Tuesday, January 10, 2006

Disney goes artsky

Back before THE LION KING went from screen to stage, who would've ever thought that Disney would go the "arty" route instead of choosing a straightforward presentation of their movie?

Obviously, I've just experienced this musical--finally!--and I was completely blown away. But I have a confession: I haven't even seen the animated movie. It's true! Some film buff I am. Still, I knew just about everything that happened during the story, so there were no surprises on that front. The plot is a very simple one: a young king is banished from his kingdom and he must return to fight for his throne. We've seen variations on this theme time and again. But something about the movie clearly spoke to children and adults alike: was it the use of animals instead of humans? Was it the Elton John music? Was it the setting? Or was it simply the "Circle of Life" message?

Whatever the case, the musical definitely goes with whatever originally worked and then some. The people who brought this from screen to stage made a bold choice in choosing Julie Taymor to direct the show. She was known for very progressive work in the theater at the time, and what she brought to this basic Disney-ized story allowed the show to be both mainstream and highbrow.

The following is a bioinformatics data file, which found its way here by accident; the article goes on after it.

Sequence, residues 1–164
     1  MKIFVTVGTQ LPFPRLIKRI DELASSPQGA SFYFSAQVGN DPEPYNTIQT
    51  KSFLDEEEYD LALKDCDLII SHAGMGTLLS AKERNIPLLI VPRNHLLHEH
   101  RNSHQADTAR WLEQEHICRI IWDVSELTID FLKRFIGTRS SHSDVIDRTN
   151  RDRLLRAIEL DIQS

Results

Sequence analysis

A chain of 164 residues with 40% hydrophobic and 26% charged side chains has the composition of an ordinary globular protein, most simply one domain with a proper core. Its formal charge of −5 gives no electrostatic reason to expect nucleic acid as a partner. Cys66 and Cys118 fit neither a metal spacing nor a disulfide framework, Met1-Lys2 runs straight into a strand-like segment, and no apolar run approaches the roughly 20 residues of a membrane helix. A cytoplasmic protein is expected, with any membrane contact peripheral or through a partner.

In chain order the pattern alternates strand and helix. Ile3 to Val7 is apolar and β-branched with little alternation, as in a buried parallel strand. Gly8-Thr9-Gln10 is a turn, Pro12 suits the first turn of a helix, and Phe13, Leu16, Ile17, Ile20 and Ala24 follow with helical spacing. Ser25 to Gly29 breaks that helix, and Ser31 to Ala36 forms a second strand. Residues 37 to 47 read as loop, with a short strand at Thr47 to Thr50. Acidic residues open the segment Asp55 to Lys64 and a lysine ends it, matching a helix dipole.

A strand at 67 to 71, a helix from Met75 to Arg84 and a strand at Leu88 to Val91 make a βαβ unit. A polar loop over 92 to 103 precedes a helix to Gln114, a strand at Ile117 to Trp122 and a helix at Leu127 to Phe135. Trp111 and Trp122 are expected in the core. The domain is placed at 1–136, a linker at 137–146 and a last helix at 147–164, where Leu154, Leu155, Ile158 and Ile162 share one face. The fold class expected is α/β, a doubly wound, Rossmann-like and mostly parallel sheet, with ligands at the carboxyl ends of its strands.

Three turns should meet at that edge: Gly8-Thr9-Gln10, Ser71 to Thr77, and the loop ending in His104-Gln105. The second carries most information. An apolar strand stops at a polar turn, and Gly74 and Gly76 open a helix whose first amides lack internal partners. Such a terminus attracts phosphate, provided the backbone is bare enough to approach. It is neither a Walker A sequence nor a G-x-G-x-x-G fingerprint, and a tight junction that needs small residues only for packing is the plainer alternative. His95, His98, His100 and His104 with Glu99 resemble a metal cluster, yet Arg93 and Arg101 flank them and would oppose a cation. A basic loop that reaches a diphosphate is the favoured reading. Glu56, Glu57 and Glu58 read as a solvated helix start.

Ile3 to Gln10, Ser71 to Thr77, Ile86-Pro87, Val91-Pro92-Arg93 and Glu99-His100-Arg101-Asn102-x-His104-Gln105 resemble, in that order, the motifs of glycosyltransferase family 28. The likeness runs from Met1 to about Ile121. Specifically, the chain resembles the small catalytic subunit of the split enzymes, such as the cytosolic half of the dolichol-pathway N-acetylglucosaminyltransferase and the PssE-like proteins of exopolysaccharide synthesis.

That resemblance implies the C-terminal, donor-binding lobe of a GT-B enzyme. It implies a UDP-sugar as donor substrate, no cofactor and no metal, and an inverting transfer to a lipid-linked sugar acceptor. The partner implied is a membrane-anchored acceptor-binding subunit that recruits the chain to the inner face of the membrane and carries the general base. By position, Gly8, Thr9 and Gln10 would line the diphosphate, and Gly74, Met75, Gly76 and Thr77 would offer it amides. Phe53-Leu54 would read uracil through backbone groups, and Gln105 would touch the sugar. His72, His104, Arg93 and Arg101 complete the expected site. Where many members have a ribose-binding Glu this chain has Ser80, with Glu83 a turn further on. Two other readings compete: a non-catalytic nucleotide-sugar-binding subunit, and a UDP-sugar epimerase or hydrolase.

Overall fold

Bluntly, the presentation is breathtaking. When the sun first rises on stage and the wildlife silhouettes first wander into view, you're immediately transported. A voice calls out in song as "The Circle of Life" begins, then other voices mingle in harmony and rhythm. Then, slowly, the light rises, revealing something astounding: there's a man in the giraffe suit who's using stilts. Just...wow. Most of the characters are a strange and ultra-creative mixture of costume and puppetry and their movements are so effective and true that it's a beautiful thing to watch.

And the creations get better and better. Later, the hyenas come on stage: they stalk about with animated, yet menacing grace, darting into bursts of hyper aggression every once in a while. The child actors playing Simba and Nala are choreographed to swipe and bounce around like young animals, and they're perfect. Every single character on that stage is a surreal work of wonder that connects with the audience while conveying everything you need to know about that character.

If you get the chance to see this musical, go for it before the tickets are sold out. It's even appropriate to bring your kids to the theater.

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